Barbara L. Loeding

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We consider two crucial problems in continuous sign language recognition from unaided video sequences. At the sentence level, we consider the movement epenthesis (me) problem and at the feature level, we consider the problem of hand segmentation and grouping. We construct a framework that can handle both of these problems based on an enhanced, nested(More)
One of the hard problems in automated sign language recognition is the movement epenthesis (me) problem. Movement epenthesis is the gesture movement that bridges two consecutive signs. This effect can be over a long duration and involve variations in hand shape, position, and movement, making it hard to explicitly model these intervening segments. This(More)
This paper reviews the extensive state of the art in automated recognition of continuous signs, from different languages, based on the data sets used, features computed, technique used, and recognition rates achieved. We find that, in the past, most work has been done in finger-spelled words and isolated sign recognition, however recently, there has been(More)
We have developed a video hand segmentation tool which can help with generating hands ground truth from sign language image sequences. This tool may greatly facilitate research in the area of sign language recognition. In this tool, we offer a semi automatic scheme to assist with the localization of hand pixels, which is important for the purpose of(More)
The common practice in sign language recognition is to first construct individual sign models, in terms of discrete state transitions, mostly represented using Hidden Markov Models , from manually isolated sign samples and then to use it to recognize signs in continuous sentences. In this paper we (i) propose a continuous state space model, where the states(More)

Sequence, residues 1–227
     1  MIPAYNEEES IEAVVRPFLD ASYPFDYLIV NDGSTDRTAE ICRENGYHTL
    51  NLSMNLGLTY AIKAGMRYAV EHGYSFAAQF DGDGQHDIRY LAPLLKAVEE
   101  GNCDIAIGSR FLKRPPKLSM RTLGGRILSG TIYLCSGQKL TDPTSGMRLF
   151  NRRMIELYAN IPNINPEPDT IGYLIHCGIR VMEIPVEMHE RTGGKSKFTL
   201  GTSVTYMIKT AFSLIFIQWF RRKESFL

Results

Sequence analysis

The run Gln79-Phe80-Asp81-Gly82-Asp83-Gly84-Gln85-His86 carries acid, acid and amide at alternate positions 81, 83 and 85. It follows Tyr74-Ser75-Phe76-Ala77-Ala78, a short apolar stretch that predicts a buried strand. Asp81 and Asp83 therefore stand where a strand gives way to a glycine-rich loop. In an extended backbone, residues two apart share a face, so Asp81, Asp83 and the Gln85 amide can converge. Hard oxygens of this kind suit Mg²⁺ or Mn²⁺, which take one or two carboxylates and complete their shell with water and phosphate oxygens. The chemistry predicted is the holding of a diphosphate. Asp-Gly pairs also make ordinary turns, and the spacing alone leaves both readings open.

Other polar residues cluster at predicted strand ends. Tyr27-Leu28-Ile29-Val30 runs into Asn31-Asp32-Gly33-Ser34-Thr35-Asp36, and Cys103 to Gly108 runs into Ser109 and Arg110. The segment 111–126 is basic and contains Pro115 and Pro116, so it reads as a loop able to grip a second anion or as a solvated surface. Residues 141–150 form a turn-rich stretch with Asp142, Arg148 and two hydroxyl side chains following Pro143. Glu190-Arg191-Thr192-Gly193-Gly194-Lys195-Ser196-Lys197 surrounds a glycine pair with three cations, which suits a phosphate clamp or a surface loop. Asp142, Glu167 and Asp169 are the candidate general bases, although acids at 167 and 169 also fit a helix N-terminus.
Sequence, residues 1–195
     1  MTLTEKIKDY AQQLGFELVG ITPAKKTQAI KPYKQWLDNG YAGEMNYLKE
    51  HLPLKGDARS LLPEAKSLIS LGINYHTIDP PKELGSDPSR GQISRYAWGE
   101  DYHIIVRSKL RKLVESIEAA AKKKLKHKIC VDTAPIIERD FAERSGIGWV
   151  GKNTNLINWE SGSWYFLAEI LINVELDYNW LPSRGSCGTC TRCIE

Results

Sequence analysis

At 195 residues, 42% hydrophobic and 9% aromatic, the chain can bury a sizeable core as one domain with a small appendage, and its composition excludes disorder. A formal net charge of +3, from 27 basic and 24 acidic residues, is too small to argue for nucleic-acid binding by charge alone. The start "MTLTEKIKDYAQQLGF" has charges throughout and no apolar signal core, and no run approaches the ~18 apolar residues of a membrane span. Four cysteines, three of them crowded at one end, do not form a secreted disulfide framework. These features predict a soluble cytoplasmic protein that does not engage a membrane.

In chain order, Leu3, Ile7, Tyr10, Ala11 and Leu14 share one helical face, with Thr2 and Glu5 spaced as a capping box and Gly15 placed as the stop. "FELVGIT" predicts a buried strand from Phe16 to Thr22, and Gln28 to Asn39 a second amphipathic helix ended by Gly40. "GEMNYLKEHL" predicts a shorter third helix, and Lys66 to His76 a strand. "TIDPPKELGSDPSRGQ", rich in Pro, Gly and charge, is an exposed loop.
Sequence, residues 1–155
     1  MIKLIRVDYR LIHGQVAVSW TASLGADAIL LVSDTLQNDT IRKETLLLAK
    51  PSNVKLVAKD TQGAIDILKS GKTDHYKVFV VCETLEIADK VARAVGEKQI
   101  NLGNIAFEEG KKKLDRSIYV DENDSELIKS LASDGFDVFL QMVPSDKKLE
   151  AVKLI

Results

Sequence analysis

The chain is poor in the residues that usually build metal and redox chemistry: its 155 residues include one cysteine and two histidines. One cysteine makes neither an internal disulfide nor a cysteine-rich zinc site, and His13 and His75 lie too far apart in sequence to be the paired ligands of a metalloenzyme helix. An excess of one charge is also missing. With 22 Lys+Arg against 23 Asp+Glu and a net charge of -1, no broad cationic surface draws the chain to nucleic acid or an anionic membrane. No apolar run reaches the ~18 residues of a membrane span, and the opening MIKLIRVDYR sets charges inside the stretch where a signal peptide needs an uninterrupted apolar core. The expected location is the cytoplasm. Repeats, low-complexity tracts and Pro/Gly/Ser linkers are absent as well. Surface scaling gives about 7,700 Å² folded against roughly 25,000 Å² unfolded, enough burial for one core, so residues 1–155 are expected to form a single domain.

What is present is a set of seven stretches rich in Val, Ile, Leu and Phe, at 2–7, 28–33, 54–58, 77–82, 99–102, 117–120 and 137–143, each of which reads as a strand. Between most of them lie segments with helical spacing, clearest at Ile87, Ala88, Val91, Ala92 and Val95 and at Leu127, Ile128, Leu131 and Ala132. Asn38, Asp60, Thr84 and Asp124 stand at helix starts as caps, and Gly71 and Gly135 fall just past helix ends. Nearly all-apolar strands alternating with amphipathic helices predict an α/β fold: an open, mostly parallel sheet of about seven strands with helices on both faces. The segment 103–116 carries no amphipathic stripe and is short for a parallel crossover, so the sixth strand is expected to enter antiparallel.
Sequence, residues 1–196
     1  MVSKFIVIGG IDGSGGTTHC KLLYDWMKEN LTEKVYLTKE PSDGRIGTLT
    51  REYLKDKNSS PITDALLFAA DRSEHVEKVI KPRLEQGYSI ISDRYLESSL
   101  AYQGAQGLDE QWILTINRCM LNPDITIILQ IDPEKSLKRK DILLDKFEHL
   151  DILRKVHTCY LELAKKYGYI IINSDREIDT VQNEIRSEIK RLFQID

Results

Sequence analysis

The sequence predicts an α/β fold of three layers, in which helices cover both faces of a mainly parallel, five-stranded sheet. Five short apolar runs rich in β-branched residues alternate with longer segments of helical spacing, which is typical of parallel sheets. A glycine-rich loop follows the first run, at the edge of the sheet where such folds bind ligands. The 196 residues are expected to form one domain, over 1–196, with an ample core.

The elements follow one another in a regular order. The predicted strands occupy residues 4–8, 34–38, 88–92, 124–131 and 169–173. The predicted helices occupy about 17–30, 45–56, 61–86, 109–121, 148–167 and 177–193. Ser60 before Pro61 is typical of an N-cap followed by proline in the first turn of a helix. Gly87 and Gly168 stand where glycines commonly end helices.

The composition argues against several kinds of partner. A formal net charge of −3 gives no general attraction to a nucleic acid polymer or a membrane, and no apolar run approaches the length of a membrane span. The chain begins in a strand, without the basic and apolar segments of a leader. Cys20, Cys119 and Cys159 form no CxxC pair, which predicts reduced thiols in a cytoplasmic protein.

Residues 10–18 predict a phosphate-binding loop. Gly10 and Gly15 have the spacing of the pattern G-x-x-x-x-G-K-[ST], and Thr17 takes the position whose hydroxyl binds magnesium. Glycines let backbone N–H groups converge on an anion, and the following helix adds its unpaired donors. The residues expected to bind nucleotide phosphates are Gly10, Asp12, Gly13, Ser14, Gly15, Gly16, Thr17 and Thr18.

Some articulated motion representations rely on frame-wise abstractions of the statistical distribution of low-level features such as orientation, color, or relational distributions. As configuration among parts changes with articulated motion, the distribution changes, tracing a trajectory in the latent space of distributions, which we call the(More)
Recognition of signs in sentences requires a training set constructed out of signs found in continuous sentences. Currently, this is done manually, which is a tedious process. In this work, we consider a framework where the modeler just provides multiple video sequences of sign language sentences , constructed to contain the vocabulary of interest. We learn(More)
We present a probabilistic framework to automatically learn models of recurring signs from multiple sign language video sequences containing the vocabulary of interest. We extract the parts of the signs that are present in most occurrences of the sign in context and are robust to the variations produced by adjacent signs. Each sentence video is first(More)
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